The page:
Words from a Bear
“They came from nothing into sound and meaning.” This statement, uttered by the self-proclaimed “Priest of the Sun” John Big Bluff Tosamah in Navarre Scott Momaday’s Pulitzer-Prize winning novel House Made of Dawn (1968), suggests the way that words, like medicine, can heal broken spirits and bring into being a more centered sense of selfhood. But it can also be interpreted as a reflection of the way that Native American cultural identity has asserted itself, through artistic works and literary texts like Momaday’s path-clearing book, as a force to be respected and reckoned with. Few people have been as central to that assertion — that bringing into “sound and meaning” of long-silenced voices — as the subject of Words from a Bear, director Jeffrey Palmer’s affectionate tribute to the widely admired author of House Made of Dawn and several other important publications. As this documentary reveals, Momaday, who was born during the Great Depression to Kiowa and Cherokee parents, nurtured his abilities as a writer from an early age and learned the value of developing a personal, respectful connection to the land and its finite resources. Fittingly, Palmer peppers his film with panoramic vistas of landscapes, which are visually lyrical extensions of Momaday’s writings, passages of which are read by the author in a distinctive timbre that is truly transporting. In addition to those mesmerizing shots of the Great Plains, a mixture of elements — black-and-white photographs of Momaday as a child, recordings of him participating in the Civil Rights movement and earning the respect of his peers, animated sequences inspired by his paintings, and newly shot interviews of high-profile admirers (such as Jeff Bridges and Robert Redford) waxing poetic on his singular talent — are brought to bear on a bear-like man who, though physically restricted to a wheelchair, stands tall among America’s most respected literary giants. Having soaked up the oral traditions of his tribe and the teachings of his elders, Momaday has become a fount of wisdom in his own right, inspiring young writers and artists the world over to embrace their cultural identities and resist the assimilative tendencies of mainstream society, which sometimes robs people of their distinctive voices.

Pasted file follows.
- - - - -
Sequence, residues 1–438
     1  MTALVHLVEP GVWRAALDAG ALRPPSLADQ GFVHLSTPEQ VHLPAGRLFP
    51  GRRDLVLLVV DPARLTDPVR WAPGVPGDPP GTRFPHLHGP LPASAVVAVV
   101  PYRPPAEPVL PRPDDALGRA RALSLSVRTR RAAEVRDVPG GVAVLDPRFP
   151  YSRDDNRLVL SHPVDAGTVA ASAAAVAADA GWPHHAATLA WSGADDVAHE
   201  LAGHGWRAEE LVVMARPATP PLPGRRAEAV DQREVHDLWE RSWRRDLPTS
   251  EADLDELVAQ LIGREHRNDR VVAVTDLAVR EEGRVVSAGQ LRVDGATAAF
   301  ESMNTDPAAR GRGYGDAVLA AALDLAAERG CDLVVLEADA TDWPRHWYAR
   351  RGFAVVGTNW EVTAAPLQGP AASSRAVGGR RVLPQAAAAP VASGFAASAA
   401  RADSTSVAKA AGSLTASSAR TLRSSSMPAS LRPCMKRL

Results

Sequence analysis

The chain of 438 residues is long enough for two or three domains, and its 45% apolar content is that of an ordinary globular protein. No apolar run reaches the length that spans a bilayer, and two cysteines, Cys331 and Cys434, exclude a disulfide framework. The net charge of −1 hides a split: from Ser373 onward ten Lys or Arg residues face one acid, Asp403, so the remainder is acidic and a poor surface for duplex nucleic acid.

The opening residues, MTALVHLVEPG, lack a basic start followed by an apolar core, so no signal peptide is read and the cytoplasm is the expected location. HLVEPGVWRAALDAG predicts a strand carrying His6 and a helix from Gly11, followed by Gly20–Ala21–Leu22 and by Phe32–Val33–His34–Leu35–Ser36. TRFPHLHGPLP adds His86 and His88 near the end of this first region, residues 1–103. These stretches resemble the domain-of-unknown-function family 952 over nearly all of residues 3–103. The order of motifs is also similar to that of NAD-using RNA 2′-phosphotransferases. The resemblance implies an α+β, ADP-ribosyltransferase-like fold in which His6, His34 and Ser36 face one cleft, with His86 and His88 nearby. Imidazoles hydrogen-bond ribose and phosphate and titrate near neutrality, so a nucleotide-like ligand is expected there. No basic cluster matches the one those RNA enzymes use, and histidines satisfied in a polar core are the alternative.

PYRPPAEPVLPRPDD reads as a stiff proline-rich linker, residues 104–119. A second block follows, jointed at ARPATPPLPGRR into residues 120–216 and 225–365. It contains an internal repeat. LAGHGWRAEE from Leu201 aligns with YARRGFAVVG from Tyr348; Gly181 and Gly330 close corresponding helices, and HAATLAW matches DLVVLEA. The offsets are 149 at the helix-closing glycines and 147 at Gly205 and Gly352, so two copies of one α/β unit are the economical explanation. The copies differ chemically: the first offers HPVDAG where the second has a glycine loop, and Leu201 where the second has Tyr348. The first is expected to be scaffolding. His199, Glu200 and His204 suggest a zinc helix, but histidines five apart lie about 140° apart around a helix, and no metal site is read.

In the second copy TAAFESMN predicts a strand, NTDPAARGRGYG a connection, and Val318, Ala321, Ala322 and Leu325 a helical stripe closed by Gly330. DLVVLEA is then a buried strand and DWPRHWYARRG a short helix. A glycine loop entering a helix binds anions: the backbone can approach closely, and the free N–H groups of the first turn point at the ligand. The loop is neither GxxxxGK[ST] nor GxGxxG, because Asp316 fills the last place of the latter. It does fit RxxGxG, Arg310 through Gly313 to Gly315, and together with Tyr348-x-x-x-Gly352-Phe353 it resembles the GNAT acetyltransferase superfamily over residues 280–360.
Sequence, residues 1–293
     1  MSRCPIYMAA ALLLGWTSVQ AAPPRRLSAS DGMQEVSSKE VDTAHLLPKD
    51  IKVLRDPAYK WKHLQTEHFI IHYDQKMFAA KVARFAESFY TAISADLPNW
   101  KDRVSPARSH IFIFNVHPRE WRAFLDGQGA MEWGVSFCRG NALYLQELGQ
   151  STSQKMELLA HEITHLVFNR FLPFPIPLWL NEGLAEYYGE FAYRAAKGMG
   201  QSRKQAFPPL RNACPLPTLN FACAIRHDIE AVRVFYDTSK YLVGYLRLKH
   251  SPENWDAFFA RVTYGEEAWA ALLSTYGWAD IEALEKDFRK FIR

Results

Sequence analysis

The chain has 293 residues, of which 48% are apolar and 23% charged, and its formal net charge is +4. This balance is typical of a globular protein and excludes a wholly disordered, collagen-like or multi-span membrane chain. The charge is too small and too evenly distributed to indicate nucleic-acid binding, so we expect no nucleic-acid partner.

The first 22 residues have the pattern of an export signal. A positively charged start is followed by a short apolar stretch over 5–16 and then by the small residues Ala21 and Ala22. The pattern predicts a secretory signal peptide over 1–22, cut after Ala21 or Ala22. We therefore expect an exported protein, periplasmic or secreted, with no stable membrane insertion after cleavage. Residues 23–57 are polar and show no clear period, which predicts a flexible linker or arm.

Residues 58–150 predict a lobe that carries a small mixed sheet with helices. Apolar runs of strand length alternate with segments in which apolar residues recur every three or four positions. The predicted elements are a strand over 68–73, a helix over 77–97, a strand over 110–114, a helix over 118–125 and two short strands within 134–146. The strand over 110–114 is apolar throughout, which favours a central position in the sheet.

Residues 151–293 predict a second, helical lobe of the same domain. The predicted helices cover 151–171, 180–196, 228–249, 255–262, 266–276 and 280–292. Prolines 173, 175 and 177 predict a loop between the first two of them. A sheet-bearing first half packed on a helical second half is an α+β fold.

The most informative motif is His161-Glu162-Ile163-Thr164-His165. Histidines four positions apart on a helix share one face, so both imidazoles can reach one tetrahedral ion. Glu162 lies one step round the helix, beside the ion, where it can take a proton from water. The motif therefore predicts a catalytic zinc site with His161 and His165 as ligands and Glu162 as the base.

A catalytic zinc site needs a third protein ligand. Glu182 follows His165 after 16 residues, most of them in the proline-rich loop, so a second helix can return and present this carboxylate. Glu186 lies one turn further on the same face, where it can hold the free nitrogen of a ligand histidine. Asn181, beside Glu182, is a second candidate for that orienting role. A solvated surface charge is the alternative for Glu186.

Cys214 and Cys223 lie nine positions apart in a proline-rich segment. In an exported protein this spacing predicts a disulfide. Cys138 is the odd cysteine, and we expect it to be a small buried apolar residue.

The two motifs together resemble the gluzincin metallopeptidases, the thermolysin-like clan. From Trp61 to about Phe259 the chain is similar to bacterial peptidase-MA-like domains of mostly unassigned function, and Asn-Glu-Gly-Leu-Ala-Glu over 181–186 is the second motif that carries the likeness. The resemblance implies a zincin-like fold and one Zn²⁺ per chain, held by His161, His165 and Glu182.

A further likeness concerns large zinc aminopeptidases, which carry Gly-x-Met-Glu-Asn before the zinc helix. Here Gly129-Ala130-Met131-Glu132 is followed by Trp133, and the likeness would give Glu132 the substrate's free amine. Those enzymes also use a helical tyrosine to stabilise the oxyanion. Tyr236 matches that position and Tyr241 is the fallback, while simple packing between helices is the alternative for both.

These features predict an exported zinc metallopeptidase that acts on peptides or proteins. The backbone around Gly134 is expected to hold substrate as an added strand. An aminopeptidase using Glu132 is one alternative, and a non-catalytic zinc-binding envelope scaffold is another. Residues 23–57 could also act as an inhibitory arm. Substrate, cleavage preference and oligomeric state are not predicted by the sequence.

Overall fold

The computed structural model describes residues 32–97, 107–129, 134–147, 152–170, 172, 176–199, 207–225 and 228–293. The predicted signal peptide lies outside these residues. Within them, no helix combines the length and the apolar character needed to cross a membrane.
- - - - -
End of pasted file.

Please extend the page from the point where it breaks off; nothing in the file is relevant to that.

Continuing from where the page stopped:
Written by David Scott Diffrient
Saturday, April 13
Lory Student Center Theatre
Reception to follow
Film subjects Dr. N. Scott Momaday and his daughter Jill
Momaday will be in attendance for a post-screening Q&A
with Ty Smith, director of Colorado State University’s
Native American Cultural Center.